As I close my eyes and feel the blood slowing to a standstill, will I hear the thunder and think, “Well, I’ve left a right mess for my son. Will he find the plans I started for that ark?

I don’t know much about climate change. I have read a couple of books by climate change scientists and Greg Craven’s What’s the Worst The Could Happen? I have talked to scientists, both generalists and those in the climate field, and on this limited information, I have decided to believe that something needs to be done.

I am prepared for a world where we must cut down our consumption and look at the costs to our planet. I am sure I may swear when I realise that I forgot to have a hot shower during the allotted time, and maybe I will look back with nostalgia at 24-hour TV and budget flights.

I don’t wish to imagine a future like The Road, but I presume I will have to imagine a world that may not be quite as well-lit and devil-may-care as my first 40 years (I was never really that devil-may-care, but my surroundings were).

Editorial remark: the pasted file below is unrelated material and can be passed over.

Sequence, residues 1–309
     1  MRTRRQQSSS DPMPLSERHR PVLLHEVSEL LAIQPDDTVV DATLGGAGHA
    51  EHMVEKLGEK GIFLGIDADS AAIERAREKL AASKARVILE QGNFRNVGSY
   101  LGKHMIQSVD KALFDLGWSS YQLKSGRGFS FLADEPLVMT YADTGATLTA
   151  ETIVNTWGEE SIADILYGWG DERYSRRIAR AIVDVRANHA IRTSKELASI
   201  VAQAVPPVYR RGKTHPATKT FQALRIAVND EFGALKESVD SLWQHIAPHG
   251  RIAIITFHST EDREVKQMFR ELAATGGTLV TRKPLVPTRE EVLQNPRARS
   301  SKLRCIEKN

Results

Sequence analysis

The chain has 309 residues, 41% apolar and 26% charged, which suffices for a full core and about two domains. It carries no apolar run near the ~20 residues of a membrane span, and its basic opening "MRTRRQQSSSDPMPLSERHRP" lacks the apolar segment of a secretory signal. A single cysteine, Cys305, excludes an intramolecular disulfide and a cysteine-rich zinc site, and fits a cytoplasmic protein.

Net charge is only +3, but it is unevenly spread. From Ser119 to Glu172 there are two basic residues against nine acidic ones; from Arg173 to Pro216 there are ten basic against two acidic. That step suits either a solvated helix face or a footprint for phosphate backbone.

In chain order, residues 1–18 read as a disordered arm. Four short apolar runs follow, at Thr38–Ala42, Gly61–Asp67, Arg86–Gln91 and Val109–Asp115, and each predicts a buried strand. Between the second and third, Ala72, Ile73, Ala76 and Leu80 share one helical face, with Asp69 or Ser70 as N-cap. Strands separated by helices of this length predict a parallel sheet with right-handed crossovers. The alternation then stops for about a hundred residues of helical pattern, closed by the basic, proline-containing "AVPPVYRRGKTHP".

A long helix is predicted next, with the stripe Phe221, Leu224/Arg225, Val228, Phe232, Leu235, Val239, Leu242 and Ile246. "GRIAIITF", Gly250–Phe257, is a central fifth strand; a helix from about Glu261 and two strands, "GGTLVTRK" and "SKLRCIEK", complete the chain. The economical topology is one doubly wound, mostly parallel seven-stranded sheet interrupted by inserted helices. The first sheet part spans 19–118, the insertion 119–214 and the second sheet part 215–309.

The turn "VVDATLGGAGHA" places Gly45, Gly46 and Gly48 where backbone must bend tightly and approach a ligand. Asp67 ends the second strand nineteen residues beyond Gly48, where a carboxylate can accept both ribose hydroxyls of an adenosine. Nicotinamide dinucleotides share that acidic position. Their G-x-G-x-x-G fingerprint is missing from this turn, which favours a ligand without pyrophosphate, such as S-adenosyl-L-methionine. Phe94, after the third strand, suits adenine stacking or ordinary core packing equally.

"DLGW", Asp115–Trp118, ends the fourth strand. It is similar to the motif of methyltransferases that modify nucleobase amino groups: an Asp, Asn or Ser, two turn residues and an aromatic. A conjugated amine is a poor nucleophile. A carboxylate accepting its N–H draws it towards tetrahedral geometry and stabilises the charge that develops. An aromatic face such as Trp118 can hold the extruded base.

I think our problem is the speed we become acclimatised. Life was always like this, wasn’t it? Will we be the last that can be the truly selfish ones?

Excuse me, why did you screw it up for all of us?

Because we liked shiny things and pigging out, bad luck.

Why did I smoke? I used to wake up every morning with a sore throat and think, “Oh no, that’ll be tonsil cancer, it’s curtains for me. You bloody fool, you killed yourself with your foolish Freudian oral fixation. Did you learn nothing from the man himself and his prosthetic jaw?

Then an hour or so later I’d start smoking, all ready to face my imminent death the following day and the next one and the next one, but ambivalent until daylight and groundhog regret.